Sunday, November 23, 2008

Sony imposes RPM on high-end products

Sony has decided to take advantage of the Leegin decision by imposing resale price maintenance rules on some of their highest-priced products.

Eliminating price competition among retailers for high-end cameras and TVs is a great benefit for consumers — or so Sony executives argued Thursday.

At a chat with reporters in New York, Stan Glasgow, the president of Sony Electronics in the United States, and Jay Vandenbree, the company’s president for consumer sales, discussed its new rule that bans retailers from discounting Sony’s Alpha digital camera line, its more expensive televisions and some other high-end products.

Mr. Vandenbree said that by having the price for these products be the same at all retailers, Sony had eliminated stress for buyers.

“Consumers don’t have to worry about whether I can get a better deal at retailer A or retailer B,” he said. “Everybody gets the best deal.” He said stores can now compete on other attributes, like education and support.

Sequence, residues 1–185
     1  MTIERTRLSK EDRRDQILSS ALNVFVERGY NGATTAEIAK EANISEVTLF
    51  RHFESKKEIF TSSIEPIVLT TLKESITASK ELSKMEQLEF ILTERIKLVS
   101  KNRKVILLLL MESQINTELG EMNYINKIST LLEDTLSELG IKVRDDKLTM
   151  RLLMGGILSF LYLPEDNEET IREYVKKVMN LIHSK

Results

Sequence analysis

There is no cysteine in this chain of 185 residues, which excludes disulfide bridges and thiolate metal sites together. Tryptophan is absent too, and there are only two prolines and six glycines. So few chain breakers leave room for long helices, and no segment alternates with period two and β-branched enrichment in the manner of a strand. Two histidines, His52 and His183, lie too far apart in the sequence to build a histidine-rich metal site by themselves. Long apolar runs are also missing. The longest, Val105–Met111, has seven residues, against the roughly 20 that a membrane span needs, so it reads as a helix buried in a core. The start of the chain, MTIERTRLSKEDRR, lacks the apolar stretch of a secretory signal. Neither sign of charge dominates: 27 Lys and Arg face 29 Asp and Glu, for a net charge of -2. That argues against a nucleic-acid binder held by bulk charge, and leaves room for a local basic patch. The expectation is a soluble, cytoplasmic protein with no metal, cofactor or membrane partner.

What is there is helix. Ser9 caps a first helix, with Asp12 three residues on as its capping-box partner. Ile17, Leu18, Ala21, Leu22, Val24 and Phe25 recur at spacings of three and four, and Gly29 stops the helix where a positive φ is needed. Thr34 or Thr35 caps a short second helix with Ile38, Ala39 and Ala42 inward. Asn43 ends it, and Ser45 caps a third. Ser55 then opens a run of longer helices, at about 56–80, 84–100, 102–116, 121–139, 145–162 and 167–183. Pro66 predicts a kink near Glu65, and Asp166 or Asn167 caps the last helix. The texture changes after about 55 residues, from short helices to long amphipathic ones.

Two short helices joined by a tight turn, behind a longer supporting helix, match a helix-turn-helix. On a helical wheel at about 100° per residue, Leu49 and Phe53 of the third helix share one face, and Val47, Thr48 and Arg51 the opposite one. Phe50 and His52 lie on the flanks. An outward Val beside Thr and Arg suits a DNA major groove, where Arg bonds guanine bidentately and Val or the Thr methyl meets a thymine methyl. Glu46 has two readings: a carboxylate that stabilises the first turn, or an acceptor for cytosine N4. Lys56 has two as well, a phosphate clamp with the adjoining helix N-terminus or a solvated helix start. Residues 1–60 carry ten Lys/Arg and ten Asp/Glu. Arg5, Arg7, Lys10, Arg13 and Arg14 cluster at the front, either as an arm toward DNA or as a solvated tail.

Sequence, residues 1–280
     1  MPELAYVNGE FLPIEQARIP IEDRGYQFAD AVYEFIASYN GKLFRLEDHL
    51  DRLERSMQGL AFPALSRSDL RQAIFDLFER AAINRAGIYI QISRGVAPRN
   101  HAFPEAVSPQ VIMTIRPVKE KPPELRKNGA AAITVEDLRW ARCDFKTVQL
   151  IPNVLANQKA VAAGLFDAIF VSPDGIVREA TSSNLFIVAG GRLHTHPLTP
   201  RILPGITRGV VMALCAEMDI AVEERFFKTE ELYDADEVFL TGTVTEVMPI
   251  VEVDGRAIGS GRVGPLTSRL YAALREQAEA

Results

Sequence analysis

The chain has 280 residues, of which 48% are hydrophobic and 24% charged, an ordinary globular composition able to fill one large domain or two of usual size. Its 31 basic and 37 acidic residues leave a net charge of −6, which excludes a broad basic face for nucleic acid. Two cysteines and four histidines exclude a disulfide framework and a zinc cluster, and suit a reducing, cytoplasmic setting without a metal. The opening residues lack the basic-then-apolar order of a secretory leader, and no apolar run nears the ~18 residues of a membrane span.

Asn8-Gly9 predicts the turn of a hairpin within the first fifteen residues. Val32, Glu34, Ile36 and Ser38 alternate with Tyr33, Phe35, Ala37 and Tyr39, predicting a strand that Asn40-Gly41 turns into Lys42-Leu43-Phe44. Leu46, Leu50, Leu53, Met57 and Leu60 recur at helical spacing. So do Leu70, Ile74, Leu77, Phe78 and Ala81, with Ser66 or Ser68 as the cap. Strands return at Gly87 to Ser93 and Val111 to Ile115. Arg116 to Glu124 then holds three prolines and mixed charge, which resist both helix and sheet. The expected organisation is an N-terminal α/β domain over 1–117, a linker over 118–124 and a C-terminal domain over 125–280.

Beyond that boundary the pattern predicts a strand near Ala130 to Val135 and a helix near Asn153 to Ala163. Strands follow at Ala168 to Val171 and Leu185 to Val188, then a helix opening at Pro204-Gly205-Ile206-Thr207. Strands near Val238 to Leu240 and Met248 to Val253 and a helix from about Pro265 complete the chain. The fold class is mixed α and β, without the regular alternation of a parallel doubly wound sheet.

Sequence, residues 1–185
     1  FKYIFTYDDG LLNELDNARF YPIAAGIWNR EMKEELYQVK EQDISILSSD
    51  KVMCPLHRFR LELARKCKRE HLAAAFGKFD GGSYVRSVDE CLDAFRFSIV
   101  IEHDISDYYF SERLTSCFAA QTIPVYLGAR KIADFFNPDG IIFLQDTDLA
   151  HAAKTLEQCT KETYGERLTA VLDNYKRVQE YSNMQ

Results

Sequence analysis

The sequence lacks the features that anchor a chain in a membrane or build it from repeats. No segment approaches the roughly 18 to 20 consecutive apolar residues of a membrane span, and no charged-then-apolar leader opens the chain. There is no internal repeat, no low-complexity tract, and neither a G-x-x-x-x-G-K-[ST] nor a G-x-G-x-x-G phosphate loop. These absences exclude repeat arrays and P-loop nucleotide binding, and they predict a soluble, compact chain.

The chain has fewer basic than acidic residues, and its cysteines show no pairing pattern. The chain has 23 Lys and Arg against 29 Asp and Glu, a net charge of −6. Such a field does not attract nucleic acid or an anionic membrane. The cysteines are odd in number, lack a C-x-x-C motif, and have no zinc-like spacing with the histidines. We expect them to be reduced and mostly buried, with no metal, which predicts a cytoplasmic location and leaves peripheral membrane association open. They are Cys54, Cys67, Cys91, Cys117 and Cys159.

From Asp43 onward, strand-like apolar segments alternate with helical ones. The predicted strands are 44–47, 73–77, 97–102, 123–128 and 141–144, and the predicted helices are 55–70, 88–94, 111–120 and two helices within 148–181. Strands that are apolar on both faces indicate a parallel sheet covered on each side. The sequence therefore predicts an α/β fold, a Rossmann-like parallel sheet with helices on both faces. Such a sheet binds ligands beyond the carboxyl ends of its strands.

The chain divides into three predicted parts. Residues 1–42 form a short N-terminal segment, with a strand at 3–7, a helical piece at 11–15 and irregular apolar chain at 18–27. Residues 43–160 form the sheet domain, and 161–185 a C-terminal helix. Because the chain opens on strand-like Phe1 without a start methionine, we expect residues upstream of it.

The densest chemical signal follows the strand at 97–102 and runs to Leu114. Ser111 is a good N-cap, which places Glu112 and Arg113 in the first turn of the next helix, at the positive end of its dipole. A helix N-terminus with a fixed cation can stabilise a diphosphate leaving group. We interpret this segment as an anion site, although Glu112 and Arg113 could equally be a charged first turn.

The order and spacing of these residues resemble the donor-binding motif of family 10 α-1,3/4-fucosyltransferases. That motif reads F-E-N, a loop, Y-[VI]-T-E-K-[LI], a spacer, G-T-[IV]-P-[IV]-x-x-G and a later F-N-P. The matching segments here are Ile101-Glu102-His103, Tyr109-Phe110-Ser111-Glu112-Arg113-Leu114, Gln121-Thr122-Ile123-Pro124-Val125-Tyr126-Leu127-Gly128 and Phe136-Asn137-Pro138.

Mr. Vandenbree said this program was part of the reason that the Alpha line was gaining share in the single-lens reflex camera market.
The Leegin rule allows manufacturers to set retail prices under certain circumstances, although the Supreme Court seemed to make clear that they would be more suspicious if the manufacturer imposing RPM had significant marketing power (which, to belabor the obvious, Sony has more of than Leegin does). Still, I'm sure Sony had a battalion of lawyers study this before proceeding.

As a reminder, the FTC is going to have workshops soon on this subject.

2 comments:

Jerry said...

Funny they had a battalion of lawyers but nobody called me now or before the ruling.

Anti-trust lawyers are a rare breed.
If they cared they would have been interesting before the ruling.

Not 1 called me before the ruling - to make sure their clients like Sony's interest were protected.

Jerry Kohl
President and Founder
Leegin

Bob Houk said...

Jerry: Did they contact your lawyers? I'd assume they read the ruling carefully, but talking to the principals would seem pretty important.

But what do I know? I'm just a marketing guy.